Please use this identifier to cite or link to this item: http://hdl.handle.net/2381/16968
Title: Caring for dying patients--what are the attitudes of medical students?
Authors: Lloyd-Williams, M
Dogra, N
First Published: Nov-2003
Citation: SUPPORT CARE CANCER, 2003, 11 (11), pp. 696-699
Abstract: Students entering medical school today will encounter an ageing population and a higher incidence of patients with terminal and life threatening illness. This study was carried out to determine the attitudes of pre-clinical medical students towards the care of patients for whom a cure is not possible. All students were invited to complete a 23-item questionnaire prior to any teaching in palliative care. Of the 186 students who participated in the study, 151 (79%) completed the pre-teaching questionnaire (males=59; females 90; median age 20 years; range 19-27]. Attitudes towards chronically ill and dying patients were generally positive. When comparing age with attitudes it was found that increasing age was associated with a more positive view of caring for patients with chronic or terminal illness, a more positive view of listening to patients reminisce and a more positive view of patients dying at home. Caring for patients at the end of life can be one of the most rewarding aspects of being a doctor. This study suggests that the majority of medical students have a positive attitude towards patients with chronic and terminal illness-the trend for encouraging older students to enter medicine may be an influencing factor.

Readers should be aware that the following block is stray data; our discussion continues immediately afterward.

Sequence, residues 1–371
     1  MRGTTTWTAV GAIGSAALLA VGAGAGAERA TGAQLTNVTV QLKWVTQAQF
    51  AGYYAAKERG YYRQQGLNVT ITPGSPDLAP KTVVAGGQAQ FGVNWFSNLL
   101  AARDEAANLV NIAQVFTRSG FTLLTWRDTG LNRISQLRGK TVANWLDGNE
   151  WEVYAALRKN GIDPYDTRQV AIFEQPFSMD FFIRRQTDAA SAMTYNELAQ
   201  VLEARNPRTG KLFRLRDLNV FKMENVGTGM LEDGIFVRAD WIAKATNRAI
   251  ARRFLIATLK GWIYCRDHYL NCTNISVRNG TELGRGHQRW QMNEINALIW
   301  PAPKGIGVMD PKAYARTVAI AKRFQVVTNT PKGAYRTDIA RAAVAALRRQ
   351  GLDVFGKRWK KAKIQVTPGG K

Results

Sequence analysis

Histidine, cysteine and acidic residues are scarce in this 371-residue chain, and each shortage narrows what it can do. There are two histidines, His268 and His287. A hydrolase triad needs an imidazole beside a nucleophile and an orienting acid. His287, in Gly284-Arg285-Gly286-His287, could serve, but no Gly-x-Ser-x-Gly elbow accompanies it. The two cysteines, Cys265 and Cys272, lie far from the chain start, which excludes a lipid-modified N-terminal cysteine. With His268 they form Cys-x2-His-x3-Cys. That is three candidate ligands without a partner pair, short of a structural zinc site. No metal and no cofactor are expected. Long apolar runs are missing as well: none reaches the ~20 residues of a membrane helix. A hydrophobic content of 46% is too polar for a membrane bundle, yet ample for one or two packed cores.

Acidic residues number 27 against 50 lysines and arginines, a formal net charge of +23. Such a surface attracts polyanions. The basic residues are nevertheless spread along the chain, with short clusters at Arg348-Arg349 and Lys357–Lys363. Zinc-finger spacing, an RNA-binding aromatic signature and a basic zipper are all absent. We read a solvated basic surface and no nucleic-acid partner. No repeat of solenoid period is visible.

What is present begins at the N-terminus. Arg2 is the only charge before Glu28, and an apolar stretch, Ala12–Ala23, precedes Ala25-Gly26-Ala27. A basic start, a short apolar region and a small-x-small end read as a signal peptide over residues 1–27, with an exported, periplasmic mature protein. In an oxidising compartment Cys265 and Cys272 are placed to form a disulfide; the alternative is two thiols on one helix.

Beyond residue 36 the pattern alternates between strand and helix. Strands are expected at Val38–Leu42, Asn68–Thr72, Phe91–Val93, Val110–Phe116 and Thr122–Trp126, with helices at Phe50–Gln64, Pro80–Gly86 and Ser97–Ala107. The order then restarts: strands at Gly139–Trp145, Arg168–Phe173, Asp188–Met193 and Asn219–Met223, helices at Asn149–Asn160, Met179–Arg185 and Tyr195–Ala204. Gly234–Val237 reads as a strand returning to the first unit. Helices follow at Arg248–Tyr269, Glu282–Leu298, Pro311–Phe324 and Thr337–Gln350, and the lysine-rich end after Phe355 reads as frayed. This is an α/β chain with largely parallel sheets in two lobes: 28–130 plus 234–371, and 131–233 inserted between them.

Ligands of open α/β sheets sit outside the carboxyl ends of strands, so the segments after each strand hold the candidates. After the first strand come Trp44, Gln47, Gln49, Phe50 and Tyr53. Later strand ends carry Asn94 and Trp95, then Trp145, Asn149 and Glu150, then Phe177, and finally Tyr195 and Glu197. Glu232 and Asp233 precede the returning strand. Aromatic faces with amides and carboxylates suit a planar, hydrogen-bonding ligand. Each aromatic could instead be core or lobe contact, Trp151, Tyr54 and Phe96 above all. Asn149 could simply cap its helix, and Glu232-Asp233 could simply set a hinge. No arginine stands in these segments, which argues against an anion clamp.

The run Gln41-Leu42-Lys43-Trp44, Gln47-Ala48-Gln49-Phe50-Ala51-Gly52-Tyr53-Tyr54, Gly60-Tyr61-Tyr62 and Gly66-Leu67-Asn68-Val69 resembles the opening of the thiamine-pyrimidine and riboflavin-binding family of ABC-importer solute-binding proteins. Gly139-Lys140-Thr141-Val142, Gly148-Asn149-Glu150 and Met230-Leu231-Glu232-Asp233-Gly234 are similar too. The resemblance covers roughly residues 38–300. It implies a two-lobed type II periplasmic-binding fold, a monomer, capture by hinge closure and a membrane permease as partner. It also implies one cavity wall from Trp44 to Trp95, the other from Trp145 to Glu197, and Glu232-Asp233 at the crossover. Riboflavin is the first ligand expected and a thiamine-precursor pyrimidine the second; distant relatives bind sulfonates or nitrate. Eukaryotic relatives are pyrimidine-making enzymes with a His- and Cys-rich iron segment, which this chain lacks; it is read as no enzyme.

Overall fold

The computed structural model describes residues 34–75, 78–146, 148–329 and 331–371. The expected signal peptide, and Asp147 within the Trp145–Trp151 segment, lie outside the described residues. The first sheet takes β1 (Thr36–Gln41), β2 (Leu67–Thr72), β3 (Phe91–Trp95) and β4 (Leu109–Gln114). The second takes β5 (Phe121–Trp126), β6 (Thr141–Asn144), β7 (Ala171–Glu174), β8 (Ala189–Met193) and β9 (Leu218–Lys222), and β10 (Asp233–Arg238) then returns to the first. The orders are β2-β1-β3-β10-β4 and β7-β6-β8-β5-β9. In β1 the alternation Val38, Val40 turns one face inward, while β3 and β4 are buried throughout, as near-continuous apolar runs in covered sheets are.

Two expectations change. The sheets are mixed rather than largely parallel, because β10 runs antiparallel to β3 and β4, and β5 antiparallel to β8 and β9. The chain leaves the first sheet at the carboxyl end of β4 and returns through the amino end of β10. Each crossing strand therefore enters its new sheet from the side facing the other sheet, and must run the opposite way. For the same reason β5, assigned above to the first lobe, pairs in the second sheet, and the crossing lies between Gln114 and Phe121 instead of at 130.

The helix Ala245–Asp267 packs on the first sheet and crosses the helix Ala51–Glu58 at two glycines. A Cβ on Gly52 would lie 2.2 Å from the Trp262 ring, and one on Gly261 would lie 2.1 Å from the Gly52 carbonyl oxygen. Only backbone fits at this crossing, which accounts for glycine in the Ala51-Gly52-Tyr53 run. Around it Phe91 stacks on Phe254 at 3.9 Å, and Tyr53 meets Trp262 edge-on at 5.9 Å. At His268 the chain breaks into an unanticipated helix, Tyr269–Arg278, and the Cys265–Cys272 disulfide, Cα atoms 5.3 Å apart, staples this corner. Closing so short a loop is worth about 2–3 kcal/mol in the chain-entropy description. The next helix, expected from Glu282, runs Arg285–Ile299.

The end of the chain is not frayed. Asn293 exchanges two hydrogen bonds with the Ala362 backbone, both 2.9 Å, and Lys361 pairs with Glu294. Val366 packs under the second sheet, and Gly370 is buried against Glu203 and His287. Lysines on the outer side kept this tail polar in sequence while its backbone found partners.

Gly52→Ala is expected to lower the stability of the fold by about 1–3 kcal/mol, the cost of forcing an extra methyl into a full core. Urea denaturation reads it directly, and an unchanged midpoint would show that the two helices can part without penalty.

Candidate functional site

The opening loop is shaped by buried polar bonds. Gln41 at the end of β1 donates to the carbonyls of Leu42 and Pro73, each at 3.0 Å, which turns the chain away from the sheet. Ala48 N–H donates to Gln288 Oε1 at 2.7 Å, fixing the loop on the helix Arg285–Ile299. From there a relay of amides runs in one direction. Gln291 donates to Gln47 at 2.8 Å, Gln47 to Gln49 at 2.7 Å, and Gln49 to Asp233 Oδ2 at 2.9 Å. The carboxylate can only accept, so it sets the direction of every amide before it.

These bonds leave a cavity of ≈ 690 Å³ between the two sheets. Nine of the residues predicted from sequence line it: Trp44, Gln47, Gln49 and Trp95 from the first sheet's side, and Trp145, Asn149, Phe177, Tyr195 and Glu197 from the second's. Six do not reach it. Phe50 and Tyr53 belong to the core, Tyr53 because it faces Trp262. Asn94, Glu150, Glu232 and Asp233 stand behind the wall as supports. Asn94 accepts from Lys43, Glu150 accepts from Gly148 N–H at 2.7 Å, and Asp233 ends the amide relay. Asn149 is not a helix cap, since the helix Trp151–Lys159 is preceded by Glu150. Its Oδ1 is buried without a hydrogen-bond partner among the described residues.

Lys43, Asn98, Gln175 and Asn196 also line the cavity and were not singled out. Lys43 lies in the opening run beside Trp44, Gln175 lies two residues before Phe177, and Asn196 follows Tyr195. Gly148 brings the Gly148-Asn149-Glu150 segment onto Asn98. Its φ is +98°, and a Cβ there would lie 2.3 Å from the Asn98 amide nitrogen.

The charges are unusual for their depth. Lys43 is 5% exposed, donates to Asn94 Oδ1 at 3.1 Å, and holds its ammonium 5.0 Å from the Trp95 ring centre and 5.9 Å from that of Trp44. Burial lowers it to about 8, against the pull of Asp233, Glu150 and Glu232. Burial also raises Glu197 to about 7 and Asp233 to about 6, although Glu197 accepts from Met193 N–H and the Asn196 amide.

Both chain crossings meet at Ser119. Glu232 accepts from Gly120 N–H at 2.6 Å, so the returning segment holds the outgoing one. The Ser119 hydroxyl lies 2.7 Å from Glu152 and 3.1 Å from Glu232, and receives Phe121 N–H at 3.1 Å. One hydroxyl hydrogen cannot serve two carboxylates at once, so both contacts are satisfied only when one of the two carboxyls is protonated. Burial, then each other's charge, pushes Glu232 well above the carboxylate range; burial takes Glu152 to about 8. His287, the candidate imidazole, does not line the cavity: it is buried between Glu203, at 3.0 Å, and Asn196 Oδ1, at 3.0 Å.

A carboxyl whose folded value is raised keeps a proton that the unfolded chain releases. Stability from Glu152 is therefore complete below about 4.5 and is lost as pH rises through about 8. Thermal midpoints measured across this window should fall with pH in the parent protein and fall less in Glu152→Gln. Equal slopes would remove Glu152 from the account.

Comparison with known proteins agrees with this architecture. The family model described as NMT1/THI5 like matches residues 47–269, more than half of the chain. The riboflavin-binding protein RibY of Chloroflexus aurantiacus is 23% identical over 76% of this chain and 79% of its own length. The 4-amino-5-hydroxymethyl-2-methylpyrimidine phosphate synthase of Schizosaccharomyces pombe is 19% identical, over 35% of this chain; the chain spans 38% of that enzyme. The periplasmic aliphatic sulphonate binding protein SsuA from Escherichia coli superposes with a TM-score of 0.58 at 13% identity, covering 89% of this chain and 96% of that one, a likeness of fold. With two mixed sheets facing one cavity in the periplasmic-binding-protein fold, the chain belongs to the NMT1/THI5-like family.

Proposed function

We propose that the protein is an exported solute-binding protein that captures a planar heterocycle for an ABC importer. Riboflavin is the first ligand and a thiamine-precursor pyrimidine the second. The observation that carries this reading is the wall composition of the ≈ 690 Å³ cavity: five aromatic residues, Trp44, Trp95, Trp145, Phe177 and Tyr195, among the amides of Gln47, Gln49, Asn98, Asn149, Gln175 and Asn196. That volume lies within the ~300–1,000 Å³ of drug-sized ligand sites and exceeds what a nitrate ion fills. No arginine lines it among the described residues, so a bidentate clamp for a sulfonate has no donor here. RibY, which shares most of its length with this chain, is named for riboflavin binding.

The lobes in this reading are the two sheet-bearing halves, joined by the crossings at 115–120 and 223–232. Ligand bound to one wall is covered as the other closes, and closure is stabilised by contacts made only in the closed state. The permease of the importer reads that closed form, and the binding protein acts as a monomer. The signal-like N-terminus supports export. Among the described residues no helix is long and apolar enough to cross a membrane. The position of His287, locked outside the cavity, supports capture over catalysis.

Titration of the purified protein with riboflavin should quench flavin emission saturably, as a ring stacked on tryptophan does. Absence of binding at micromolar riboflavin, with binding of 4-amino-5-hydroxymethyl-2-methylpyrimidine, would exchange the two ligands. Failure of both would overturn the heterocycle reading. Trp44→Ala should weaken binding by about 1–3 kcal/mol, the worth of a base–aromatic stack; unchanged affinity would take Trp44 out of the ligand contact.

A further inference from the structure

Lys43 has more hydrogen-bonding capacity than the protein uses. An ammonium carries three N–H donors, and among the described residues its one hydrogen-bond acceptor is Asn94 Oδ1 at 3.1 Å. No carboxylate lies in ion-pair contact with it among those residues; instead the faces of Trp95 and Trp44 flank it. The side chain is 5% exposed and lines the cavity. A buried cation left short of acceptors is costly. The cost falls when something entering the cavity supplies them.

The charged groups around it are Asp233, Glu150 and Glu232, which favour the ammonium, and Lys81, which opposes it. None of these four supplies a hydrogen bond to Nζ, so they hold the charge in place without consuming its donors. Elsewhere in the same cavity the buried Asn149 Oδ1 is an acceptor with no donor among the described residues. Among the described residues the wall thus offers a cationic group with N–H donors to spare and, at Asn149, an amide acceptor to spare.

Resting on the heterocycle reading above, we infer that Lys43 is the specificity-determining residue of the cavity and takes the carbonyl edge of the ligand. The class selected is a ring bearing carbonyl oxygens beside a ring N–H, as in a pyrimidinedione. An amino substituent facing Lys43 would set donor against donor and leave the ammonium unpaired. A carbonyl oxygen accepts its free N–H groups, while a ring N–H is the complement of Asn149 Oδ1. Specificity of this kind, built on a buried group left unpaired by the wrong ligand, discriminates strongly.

DOI Link: 10.1007/s00520-003-0505-1
ISSN: 0941-4355
Links: http://hdl.handle.net/2381/16968
Type: Journal Article
Appears in Collections:Published Articles, School of Psychology

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